ARSRPE Conference Paper Database

The influence of parental health beliefs on child restraint practices in a regional centre in Queensland

Lennon, Alexia, Bailey, M, Haworth, Narelle (Peer reviewed)

Child Restraints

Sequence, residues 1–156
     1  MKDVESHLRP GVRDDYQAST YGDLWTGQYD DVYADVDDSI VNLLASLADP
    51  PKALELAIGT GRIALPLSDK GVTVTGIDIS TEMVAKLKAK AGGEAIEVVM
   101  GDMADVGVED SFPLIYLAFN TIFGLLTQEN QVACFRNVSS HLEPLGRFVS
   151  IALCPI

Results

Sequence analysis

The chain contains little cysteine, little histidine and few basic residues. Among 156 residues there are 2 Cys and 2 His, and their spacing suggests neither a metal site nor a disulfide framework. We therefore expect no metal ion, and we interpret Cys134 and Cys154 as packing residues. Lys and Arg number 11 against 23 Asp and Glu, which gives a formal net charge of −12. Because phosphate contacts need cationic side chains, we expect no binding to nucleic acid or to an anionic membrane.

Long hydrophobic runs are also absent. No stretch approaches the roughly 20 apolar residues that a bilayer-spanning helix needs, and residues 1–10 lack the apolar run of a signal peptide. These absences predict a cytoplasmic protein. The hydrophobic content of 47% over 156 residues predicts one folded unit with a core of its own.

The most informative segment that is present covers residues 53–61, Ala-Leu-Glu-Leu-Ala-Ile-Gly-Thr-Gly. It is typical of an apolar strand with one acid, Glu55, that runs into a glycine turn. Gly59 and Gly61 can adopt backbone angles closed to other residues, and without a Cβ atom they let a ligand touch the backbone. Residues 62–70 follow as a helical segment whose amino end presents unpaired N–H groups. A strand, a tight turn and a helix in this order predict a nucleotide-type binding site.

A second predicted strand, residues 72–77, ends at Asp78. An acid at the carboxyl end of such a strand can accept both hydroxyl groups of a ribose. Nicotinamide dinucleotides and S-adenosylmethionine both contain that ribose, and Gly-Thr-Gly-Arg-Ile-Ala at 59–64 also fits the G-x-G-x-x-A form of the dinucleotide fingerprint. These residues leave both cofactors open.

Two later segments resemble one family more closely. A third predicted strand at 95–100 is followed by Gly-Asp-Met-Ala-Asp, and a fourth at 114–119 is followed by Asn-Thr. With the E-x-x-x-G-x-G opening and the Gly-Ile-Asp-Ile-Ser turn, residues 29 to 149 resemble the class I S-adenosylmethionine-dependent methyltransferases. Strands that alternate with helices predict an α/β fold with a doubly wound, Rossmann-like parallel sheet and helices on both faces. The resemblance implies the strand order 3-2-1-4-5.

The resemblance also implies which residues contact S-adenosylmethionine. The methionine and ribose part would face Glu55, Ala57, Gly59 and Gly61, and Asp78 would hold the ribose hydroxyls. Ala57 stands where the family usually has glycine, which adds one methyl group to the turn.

Since March 2010 in Queensland, legislation has specified the type of restraint and seating row for child passengers under 7 years according to age. The following study explored regional parents‟ child restraint practices and the influence of their health beliefs over these. A brief intercept interview was verbally administered to a convenience sample of parent-drivers (n = 123) in Toowoomba in February 2010, after the announcement of changes to legislation but prior to enforcement. Parents who agreed to be followed-up were then reinterviewed after the enforcement (May-June 2010). The Health Beliefs Model was used to gauge beliefs about susceptibility to crashing, children being injured in a crash, and likely severity of injuries. Self-efficacy and perceptions about barriers to, and benefits of, using age-appropriate restraints with children, were also assessed. Results: There were very high levels of rear seating reported for children (initial interview 91%; follow-up 100%). Dedicated child restraint use was 96.9% at initial interview, though 11% were deemed inappropriate for the child‟s age. Self-reported restraint practices for children under 7 were used to categorise parental practices into „Appropriate‟ (all children in age-appropriate restraint and rear seat) or „Inappropriate‟ (≥1 child inappropriately restrained). 94% of parents were aware of the legislation, but only around one third gave accurate descriptions of the requirements. However, 89% of parents were deemed to have „Appropriate‟ restraint practices. Parents with „Inappropriate‟ practices were significantly more likely than those with „Appropriate‟ practices to disagree that child restraints provide better protection for children in a crash than adult seatbelts. For self-efficacy, parents with „Appropriate‟ practices were more likely than those with „Inappropriate‟ practices to report being „completely confident‟ about installing child restraints. The results suggest that efforts to increase the level of appropriate restraint should attempt to better inform them about the superior protection offered by child restraints compared with seat belts for children.